WIMBLEDON, England - She's a feisty kid sister and a champ.
She tosses a racket into the dust and a fist into the air.
She's always in a hurry, first on court, first to ace, first to smile.
But yesterday, the kid sister did something truly impetuous, confirming her place as the best player in a sport and a household.
Serena Williams took her older sister Venus' crown at Wimbledon, winning, 7-6 (4), 6-3, in the tournament's first all-sister final since 1884.
It wasn't a great match - but it might have been the true start of a great rivalry.
And it should put an end to speculation that there is something pre-arranged anytime the Williams sisters face each other across a net.
Believe it: This was real, probably the hardest-hitting women's tennis at Wimbledon, outside a Williams sister practice session.
Serena Williams, 20, is the undisputed No. 1 player in the world, only the 10th player to win the French Open on clay and Wimbledon on grass back-to-back, winning the two finals over Venus.
"In the beginning of the year, I said, `You know, I don't care what happens this year, I want to win Wimbledon,' " Serena Williams said. "And it was an extra bonus for me to win the French. But I just wanted Wimbledon. I wanted to become a member of so much prestige, so much history. I want to be a part of history."
She is now.
And so is Venus Williams, 22, the 2000 and 2001 Wimbledon champion, who must now face the reality that the last time she beat Serena in a Grand Slam tournament final was at last year's U.S. Open. Her coveted No. 1 ranking on the WTA Tour has gone to her kid sister.
"It's not fun losing, no matter who you lose to," Venus Williams said. "Doesn't matter. It's not something that I'm going to get used to or try to adjust to because I'm not one for losing often. So naturally, I'm going to go out there and try to win the very next time."
A little sibling rivalry has finally entered the most important rivalry in the women's game.
There's still something perplexing for the sport and for the crowds every time the Williams sisters face each other. As they marched onto Centre Court yesterday, the sisters were met by the kind of applause usually reserved for the start of a symphony, not the start of a major championship match.
Still, it was a historic moment, a moment not lost on the sisters who were raised by their father, Richard, to become tennis champions. It's still hard to fathom how far they have come from the hard courts of Compton, Calif., to the grass courts of Wimbledon.
"When I first walked out there, I was just thinking I wanted to win, but I was thinking also that my dad always said that, one day we'll be playing in the finals of Wimbledon, in the finals of the U.S. Open, just the big ones," Serena Williams said. "And here we were 10, 15 years later."
It was a fitful first set. The sisters know each other's game too well, extend each other for shots like no one else can, Serena Williams slamming ground strokes to the corners, Venus digging them out and sending her sister on her heels.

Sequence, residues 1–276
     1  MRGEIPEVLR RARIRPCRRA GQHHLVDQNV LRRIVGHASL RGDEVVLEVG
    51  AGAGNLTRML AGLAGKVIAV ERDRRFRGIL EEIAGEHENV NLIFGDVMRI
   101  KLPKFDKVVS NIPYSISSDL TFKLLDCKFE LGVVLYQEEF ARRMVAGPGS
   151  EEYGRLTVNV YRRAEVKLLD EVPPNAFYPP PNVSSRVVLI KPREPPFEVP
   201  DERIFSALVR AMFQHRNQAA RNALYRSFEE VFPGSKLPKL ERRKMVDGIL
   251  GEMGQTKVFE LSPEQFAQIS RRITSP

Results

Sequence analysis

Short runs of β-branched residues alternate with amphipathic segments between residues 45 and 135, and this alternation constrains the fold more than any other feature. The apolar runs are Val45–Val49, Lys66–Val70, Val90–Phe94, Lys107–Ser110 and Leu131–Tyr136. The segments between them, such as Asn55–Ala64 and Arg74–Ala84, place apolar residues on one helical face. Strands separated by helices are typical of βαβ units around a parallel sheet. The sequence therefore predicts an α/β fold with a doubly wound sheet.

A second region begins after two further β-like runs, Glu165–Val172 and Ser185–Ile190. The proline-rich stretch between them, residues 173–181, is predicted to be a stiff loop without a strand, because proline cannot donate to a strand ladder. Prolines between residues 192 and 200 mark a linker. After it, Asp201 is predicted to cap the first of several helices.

For a time, it looked like opening set might slip away from Serena Williams. Serving to close it out at 5-4, she was broken when Venus received a 105 mph serve down the middle, and rocked it back with a forehand. Serena Williams tossed her racket onto a Centre Court service line turned to dust by nearly two weeks of play.
But Serena Williams didn't fall apart. She fought her way into the tiebreaker, went up a mini-break at 5-3 when she scooped up a drop shot and slammed a backhand winner by her sister and made a fist. And then she closed out the set with a kick-serve ace, looping a 100 mph curveball.
Serena Williams didn't run the table in the second set so much as Venus' serve deserted her. Venus Williams had an aching shoulder and wouldn't make excuses, but she was taking 10 mph off her serve all day. She smacked a clunker in the eighth game, spinning a double fault into the other service box, losing her serve, falling behind 3-5 and watching her title fall away.
And the kid sister served it out at love, taking deep breaths between points, making herself concentrate by thinking what it would be like 20 years from now, and asking, "Am I going to regret doing this?"
No regrets. She unloaded a last serve, a 103 mph fastball that Venus pushed into the net with a forehand. She received a hug from her sister and later blew kisses to the crowd.
Serena adored the spotlight.
During the awards ceremony, Venus took charge a little bit, telling her sister to curtsy for royalty.
"Older sister is always the wisest," Serena Williams said.
But the kid sister is still the bubbliest.
After it was over, Venus Williams looked a little downcast in a news conference.
"Really, I just think that she just had a better shot," Venus Williams said in a soft voice. "I think I played well, to be honest, and high-percentage tennis."
She said she still felt "in a dominating position" in the women's game.